If you think of a healthy lifestyle in terms of what it can do for you in the near future, you’re not alone. It takes a mindset of trust and delayed gratification to bank on the long-term advantages of living a healthy lifestyle.
Having a short-term goal isn’t necessarily a bad thing. Most of us have just enough vanity to want to look our best when seeing people we haven’t seen in years. So, that upcoming wedding or class reunion may be the swift kick in the behind needed to get you heading in the right direction.
But those baby steps need to be part of a habit-changing, lifetime journey. The advantages of living a healthy lifestyle come from sustained commitment, not from a rollercoaster approach to diet and exercise.
Short-term benefits of cleaning up your lifestyle include desirables like shedding unwanted pounds, gaining muscle mass and having more energy. And enjoying your new glow and more fit physique will boost your self-esteem, which will inspire you to stay on-track.
The long-term advantages of living a healthy lifestyle aren’t always so visible. But they should be anchored in your mindset regarding your health and habits. You may have immediate goals in mind, but you could actually set yourself up for long-term problems if you embark on a pattern of weight cycling.
Yo-yo dieting can lead to increased weight and fat gain over time. It can also speed up muscle loss and put you at higher risk of cardiovascular problems, fatty liver and diabetes. The advantages of living a healthy lifestyle essentially lose their edge each time you cycle up and down in weight.
By committing to a proven program of healthful eating and regular exercise, you open yourself to a new (and longer) life of health benefits.
Something as simple as adding fruits and vegetables as a main staple to your diet can reduce your risk of several diseases and chronic conditions. Because they are nutrient-dense and low in calories, fruits and vegetables will help maintain a healthy weight. And when the fat pounds come off, the risk of metabolic syndrome and the diseases in its wake decrease.
Why is this issue of weight so important? Because so many health risk factors cluster together. They occur in unison, their combined effects lead to predictable diseases, and they respond similarly to lifestyle modification.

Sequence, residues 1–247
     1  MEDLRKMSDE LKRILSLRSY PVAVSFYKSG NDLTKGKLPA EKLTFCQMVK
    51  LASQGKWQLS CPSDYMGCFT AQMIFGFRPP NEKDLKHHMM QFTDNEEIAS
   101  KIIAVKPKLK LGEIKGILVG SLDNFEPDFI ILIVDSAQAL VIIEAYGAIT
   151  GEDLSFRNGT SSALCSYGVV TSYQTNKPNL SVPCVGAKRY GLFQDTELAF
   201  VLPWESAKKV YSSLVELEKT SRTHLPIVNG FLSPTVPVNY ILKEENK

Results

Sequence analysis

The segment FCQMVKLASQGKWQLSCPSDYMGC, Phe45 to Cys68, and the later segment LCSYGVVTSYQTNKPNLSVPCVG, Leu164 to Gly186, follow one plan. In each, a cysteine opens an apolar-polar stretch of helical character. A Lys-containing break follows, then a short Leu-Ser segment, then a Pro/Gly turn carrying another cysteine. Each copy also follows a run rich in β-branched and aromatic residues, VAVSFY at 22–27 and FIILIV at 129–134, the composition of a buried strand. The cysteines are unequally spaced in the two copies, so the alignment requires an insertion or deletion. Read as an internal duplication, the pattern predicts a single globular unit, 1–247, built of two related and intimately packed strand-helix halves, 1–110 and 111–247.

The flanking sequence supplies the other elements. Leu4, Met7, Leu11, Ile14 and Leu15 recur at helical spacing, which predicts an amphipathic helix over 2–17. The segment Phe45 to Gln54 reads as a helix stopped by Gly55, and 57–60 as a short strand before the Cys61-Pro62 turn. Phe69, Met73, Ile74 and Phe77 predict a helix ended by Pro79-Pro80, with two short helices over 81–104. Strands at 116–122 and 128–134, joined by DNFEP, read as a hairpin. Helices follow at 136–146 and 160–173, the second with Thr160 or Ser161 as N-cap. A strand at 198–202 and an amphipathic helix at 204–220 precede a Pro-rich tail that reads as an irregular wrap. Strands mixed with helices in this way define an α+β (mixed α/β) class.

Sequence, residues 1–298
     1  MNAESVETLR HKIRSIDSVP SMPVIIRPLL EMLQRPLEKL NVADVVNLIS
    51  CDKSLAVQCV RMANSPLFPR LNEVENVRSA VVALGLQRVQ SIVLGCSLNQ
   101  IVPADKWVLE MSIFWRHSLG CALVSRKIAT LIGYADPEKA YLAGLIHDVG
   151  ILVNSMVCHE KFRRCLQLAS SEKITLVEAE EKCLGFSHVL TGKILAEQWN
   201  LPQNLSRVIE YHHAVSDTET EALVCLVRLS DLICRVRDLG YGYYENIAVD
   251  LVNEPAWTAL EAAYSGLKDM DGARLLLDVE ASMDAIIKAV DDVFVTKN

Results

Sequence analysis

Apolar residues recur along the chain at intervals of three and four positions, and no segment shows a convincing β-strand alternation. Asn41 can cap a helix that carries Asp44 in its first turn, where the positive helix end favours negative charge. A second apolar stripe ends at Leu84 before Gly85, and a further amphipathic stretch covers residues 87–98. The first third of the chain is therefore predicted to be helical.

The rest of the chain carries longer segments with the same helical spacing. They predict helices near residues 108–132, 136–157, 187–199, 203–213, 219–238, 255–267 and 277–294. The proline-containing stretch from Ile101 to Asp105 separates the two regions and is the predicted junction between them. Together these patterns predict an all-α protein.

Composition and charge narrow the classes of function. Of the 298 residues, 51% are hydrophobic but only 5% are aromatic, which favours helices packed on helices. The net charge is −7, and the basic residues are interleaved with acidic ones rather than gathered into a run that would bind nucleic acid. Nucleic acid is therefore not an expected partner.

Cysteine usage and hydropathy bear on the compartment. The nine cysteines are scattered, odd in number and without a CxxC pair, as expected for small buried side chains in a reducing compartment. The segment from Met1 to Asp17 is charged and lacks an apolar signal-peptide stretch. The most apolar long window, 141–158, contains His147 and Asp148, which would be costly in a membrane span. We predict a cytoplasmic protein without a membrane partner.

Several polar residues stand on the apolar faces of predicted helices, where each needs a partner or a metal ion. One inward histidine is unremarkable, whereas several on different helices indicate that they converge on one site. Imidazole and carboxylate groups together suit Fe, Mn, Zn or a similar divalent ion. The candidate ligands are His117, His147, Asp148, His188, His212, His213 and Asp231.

And what is the most visible sign that this catastrophic cluster is going on beneath the surface? Abdominal (or visceral) fat.
One of the most obvious advantages of living a healthy lifestyle is slimming down your midsection. When that organ-weaving fat melts away, so does much of your risk for heart attacks, cardiovascular disease, stroke, diabetes, and some cancers.
Not sure what to aim for on the scale and tape measure? Read here for some guidelines to help you understand the relationship between your weight, waist, and health risks.
Whether you are on or off the “healthy lifestyle bandwagon,” everything you do (or don’t do) has a carry-over effect. When your weight becomes more manageable, for example, your joints get a reprieve. And when your joints aren’t aching, you enjoy exercising more. And more exercise equals more fat lost, more muscle gained, and higher bone density. It also strengthens your heart and increases your lung capacity.
And don’t forget about all the mental and emotional advantages of living a healthy lifestyle. Instead of cortisol rushing through your vessels, your body is drinking up endorphins produced from regular exercise. You feel better, sleep better and think more clearly. You also decrease your chance of getting depression, or can better manage it if you suffer from it.
One of the most impressive advantages of living a healthy lifestyle is the decreased likelihood of suffering memory loss and dementia. It’s easy to think of Alzheimer’s and other forms of dementia as being limited to the very old in their final years of life. But dementia develops slowly over many stages. Living a healthy lifestyle now can help preserve a healthy life later.
Reaping the long-term advantages of living a healthy lifestyle requires that healthy living be a habit. And habits develop over time with commitment, planning and support.
With the motivation of both a healthier life and a longer life to inspire you, isn’t now the perfect time to start a new habit?